This is our world now... the world of the electron and the switch, the beauty of the baud. >We make use of a service already existing without paying for what could be dirt-cheap if it >wasn't run by profiteering gluttons, and you call us criminals. We explore... and you call >us criminals. We seek after knowledge... and you call us criminals. We exist without skin >color, without nationality, without religious bias... and you call us criminals. You build >atomic bombs, you wage wars, you murder, cheat, and lie to us and try to make us believe >it's for our own good, yet we're the criminals.

Yes, I am a criminal. My crime is that of curiosity. My crime is that of judging people by >what they say and think, not what they look like. My crime is that of outsmarting you, >something that you will never forgive me for.

I am a hacker, and this is my manifesto. You may stop this individual, but you can't stop >us all... after all, we're all alike.

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Okeydokey, that's the "Hackers" hacker. I just think of it as a professional title. As cobbler is to shoe maker so hacker is to computer program maker. –  Peter Turner Oct 6 '10 at 17:58
I've always thought this "hacker manifesto" was a silly childish rant. "My crime is that of outsmarting you"? "You build atomic bombs, you wage wars, etc."? Really? I'm sure the actual people who helped build the atomic bomb are not likely to be "outsmarted" by "The Mentor". –  Charles Salvia Dec 31 '10 at 20:17
@Charles Its obvious even to a simpleton that he wasn't referring to the scientists that built the atom bomb, rather to the governments who directed those scientists / used the bomb –  Click Upvote Apr 29 '11 at 2:20
Is it just me or is "The Mentor" pretty anti-social. –  StuperUser Aug 18 '11 at 15:01

I view a Hacker as being different from a Programmer. To me, a Hacker is someone who works to either decompile or break into existing software and use it in a way its not meant to be used. I think it is viewed negatively because you are basically doing something that the original developers of the software didn't mean for you to do.

In constrast, a Programmer is someone who works to create, fix, or upgrade software. Sure our job might involve a little hacking, but for the most part we have permission to do whatever we are attempting to do with the software.

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+1 for "use it in a way its not meant to be used" –  Chris Oct 6 '10 at 16:25
+-0, I agree with the ethical considerations. But 'a little hacking' is the fun part of programming, so calling each other by the fun part of our job should accentuate the positive! –  Peter Turner Oct 6 '10 at 16:29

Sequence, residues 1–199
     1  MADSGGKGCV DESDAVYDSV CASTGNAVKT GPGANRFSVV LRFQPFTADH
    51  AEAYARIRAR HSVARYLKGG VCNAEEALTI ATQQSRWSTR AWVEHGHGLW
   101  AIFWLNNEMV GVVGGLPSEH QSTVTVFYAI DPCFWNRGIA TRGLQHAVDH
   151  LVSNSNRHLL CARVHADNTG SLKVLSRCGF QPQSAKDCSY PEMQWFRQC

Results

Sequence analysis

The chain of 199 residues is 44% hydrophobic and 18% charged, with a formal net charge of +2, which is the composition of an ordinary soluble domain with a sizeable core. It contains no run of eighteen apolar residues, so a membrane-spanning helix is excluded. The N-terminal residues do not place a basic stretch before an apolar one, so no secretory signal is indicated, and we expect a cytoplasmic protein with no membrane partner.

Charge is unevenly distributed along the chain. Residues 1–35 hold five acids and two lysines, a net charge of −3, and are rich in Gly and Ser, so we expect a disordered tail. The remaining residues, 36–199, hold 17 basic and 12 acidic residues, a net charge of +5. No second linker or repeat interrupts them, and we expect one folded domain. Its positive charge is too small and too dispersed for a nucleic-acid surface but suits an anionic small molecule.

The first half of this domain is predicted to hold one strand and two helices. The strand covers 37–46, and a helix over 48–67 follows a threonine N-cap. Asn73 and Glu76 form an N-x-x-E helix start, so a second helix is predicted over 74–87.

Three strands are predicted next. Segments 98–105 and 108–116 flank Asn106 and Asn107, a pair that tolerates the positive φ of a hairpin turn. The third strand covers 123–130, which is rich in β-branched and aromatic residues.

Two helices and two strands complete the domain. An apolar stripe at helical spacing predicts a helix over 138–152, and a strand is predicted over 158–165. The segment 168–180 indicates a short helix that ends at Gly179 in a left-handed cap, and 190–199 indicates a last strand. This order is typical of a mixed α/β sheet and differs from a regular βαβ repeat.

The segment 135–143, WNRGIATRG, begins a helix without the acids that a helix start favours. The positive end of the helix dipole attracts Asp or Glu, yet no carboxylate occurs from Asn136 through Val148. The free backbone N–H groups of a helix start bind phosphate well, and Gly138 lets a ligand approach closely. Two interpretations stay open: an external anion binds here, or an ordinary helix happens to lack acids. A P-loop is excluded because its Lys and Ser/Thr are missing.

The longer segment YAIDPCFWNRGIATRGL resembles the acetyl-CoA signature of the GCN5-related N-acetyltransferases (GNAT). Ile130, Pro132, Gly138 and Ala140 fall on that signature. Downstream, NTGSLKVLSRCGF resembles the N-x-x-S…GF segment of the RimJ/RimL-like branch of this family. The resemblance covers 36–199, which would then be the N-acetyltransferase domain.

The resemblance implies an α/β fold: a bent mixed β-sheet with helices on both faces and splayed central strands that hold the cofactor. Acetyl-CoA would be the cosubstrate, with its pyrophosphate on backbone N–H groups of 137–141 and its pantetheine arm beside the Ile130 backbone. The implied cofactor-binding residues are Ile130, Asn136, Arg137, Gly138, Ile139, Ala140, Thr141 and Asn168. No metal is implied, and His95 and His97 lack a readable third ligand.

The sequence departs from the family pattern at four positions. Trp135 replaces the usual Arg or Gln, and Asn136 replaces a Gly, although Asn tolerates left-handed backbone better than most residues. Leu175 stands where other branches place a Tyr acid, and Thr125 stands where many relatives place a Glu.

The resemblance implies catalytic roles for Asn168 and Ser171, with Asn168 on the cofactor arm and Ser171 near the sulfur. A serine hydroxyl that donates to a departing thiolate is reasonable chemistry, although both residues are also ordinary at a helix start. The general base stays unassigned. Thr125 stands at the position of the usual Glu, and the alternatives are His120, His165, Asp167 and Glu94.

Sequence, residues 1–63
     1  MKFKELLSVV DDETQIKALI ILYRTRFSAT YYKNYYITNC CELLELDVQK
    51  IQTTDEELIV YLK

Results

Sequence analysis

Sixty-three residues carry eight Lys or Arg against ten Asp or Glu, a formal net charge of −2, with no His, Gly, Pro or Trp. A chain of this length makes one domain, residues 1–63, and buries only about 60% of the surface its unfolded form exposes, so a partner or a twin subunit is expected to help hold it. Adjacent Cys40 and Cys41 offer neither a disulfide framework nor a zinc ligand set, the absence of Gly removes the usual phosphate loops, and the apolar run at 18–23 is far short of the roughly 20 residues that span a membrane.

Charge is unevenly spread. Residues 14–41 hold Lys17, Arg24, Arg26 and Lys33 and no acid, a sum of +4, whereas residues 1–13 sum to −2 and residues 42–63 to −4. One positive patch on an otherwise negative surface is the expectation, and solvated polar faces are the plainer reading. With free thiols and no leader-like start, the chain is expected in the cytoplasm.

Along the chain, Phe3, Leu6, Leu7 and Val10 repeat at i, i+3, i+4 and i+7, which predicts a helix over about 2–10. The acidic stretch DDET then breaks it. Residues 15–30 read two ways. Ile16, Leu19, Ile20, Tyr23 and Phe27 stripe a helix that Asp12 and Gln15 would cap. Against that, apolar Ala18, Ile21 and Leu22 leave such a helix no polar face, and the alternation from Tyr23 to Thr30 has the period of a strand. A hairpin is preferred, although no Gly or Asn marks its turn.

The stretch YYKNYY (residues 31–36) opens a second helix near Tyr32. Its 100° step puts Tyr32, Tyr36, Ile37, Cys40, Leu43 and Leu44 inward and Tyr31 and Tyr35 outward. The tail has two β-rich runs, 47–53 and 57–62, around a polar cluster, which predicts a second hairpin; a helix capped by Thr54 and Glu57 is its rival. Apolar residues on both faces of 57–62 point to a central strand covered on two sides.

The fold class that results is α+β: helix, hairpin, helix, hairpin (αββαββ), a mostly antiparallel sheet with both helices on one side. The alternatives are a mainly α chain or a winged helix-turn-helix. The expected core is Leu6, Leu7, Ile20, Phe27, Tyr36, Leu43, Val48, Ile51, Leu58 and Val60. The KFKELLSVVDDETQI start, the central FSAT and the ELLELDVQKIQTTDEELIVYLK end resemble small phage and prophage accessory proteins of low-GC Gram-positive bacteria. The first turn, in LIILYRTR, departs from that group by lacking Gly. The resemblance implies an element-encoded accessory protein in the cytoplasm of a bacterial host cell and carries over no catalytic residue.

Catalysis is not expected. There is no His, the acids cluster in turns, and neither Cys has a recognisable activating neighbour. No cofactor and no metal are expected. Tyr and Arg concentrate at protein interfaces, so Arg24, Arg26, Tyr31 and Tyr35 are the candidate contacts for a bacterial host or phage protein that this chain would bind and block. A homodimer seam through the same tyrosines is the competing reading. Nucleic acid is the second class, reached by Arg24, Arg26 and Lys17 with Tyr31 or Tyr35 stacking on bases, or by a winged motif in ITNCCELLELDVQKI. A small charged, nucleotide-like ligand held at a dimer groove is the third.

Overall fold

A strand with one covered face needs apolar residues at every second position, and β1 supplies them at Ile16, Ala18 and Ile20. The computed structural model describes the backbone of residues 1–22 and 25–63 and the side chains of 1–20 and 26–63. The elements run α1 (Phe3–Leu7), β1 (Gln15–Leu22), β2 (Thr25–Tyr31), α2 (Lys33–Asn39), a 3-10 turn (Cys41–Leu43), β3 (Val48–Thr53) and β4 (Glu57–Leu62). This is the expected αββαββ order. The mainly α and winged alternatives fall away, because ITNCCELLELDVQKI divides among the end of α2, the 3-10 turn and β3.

Sure its fun, but its not always ethical and quite often illegal. Because of this, people often assume a Hacker is someone involved in unethical/illegal activity. Since it has a negative impact, I do not call myself or others a Hacker unless I am sure they won't take it the wrong way. And just because someone is a programmer, or technically saavy, doesn't mean they won't take it the wrong way. –  Rachel Oct 6 '10 at 16:57
Yeah, I'd imagine hacker is often taken the wrong way, I didn't realize that it was taken the wrong way so often among programmers. –  Peter Turner Oct 6 '10 at 17:52
-1, simply because I disagree (nothing personal). I don't think it has anything to do with permission. Hacking is tinkering, learning, producing. You can do that with permission. Hacking around at the code inside a bit of GPLed software is perfectly legal, permitted and encouraged. It all depends on the circumstances. Walking across private land is illegal without permission, just liking hacking private software is, but that doesn't make all walking illegal. It's possible to hack with permission and within ethical and legal boundaries. –  Simon P Stevens Nov 4 '10 at 10:51

A Hacker is a programmer who sees what he does as an art and a craft.

A developer is someone who codes for food.

Hackers create things and share them. They find fascination

Developer follow a spec written by a "Product Manager" and deliver it to their boss, after if passes "Quality Assurance".

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There's a hacker definition, you should read it:

The Jargon File, having a long history as the accepted lexicon of hacker vocabulary and culture, is the most authoritative source on the subject.